“President Donald Trump has questioned the utility of the United States’ alliances and its forward military presence in Europe, Asia, and the Middle East,” Thomas Wright argues in the latest issue of Foreign Affairs. “He has displayed little regard for a shared community of free societies and is drawn to authoritarian leaders.”

“Global retrenchment is fast emerging as the most coherent and ready-made alternative to the United States’ post-war strategy. Yet pursuing it would be a grave mistake. By dissolving US alliances and ending the forward presence of US forces, this strategy would destabilise the regional security orders in Europe and Asia. It would also increase the risk of nuclear proliferation, empower right-wing nationalists in Europe, and aggravate the threat of major-power conflict.”

Overturning the ban on the use of landmines provides further evidence of the US’s shift away from its role as a global leader and towards nationalism, as also evidenced by growing protectionism and xenophobia. There are even suggestions that Trump could withdraw from Nato if he secures a second term in November.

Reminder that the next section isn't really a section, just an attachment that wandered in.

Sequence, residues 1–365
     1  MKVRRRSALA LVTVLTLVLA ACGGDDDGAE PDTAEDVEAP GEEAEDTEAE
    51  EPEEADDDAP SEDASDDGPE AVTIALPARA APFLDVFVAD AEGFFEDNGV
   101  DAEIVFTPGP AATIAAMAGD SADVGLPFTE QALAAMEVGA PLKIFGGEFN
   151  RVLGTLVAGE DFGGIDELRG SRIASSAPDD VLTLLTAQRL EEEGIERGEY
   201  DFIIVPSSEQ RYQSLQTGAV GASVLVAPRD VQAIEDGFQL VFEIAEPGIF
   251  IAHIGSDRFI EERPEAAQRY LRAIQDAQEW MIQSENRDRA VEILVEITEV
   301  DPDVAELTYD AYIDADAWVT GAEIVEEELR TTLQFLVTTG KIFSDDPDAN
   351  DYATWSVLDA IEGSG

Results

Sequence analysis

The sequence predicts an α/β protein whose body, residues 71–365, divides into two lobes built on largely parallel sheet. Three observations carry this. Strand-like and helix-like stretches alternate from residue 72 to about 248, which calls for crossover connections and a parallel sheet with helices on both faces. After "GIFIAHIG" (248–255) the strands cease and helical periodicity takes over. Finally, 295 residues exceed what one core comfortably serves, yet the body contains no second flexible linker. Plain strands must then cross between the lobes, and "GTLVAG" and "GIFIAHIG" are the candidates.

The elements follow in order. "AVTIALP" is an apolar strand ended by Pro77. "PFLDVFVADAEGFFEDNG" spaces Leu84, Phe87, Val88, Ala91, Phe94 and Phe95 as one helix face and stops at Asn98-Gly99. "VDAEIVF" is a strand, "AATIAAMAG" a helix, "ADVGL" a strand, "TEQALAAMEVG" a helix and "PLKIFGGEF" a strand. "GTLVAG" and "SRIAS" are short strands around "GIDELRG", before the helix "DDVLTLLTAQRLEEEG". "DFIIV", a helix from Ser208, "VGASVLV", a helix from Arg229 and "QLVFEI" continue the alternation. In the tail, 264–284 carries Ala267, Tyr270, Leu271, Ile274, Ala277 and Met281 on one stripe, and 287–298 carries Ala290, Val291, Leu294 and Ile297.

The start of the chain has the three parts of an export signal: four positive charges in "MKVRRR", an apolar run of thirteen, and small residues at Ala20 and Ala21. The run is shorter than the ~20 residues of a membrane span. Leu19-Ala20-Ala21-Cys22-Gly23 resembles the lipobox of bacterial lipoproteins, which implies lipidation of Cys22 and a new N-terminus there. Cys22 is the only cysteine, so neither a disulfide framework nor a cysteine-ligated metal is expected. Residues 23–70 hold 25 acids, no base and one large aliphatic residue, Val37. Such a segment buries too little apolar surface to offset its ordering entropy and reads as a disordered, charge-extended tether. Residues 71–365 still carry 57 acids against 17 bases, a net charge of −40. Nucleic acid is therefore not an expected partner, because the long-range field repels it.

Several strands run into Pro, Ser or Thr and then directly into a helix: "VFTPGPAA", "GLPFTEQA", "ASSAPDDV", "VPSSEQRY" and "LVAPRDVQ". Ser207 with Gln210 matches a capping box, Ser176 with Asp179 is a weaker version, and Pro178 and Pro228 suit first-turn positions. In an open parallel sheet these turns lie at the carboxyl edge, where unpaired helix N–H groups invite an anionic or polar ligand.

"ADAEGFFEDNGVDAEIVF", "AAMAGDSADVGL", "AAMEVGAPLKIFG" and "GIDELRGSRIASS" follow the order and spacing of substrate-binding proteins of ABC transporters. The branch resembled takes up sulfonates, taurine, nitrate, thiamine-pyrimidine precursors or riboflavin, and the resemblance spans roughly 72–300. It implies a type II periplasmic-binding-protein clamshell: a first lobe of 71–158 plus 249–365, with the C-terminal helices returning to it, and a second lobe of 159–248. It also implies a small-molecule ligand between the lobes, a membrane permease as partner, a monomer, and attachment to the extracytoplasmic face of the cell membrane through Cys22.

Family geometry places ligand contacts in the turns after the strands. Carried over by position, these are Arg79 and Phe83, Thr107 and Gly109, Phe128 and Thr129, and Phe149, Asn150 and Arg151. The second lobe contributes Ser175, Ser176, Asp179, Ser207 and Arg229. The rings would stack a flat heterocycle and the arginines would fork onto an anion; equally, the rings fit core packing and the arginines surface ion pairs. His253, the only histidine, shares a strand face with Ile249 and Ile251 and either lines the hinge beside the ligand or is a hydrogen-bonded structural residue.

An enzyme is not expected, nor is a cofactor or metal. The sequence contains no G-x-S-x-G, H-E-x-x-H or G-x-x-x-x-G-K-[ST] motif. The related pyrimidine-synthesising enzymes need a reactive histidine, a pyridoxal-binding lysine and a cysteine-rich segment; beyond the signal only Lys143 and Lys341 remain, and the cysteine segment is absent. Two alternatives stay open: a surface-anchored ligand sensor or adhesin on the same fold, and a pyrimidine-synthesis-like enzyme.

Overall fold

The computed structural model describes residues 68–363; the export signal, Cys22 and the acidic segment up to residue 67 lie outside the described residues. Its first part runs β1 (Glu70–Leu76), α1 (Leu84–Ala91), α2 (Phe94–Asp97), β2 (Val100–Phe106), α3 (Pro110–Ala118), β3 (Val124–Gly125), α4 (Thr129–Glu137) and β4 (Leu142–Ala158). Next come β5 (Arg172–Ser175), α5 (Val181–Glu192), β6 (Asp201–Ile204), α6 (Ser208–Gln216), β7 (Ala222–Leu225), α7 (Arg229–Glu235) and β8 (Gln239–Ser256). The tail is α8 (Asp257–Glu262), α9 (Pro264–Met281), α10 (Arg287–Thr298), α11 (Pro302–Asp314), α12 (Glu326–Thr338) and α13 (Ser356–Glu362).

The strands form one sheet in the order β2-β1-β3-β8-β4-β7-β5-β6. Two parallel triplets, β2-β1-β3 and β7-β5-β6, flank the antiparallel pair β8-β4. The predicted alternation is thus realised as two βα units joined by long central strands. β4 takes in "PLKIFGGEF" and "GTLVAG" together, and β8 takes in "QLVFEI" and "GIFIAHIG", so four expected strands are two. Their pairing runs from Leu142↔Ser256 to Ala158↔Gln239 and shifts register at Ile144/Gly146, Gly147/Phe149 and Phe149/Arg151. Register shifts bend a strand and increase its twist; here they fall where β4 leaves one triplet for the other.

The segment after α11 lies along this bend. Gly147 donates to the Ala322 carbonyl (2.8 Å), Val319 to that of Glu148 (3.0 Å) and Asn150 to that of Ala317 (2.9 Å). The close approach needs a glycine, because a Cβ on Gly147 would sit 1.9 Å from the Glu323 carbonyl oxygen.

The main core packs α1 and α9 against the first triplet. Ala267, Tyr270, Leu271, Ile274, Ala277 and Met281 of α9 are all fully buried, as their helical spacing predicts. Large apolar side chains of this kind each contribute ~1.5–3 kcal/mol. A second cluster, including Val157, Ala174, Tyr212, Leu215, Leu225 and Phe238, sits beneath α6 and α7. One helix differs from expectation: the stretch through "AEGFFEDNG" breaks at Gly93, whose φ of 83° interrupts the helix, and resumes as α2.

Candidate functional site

Such moves raise concerns for global security as other countries step into the vacuum, particularly Russia and China, and contest the space. For the US to retain its relevance internationally, it must abandon its go-it-alone stance and recognise that its own interests are best served in participation with the global community.

Member ratings
  • Well argued: 61%
  • Interesting points: 69%
  • Agree with arguments: 58%
9 ratings - view all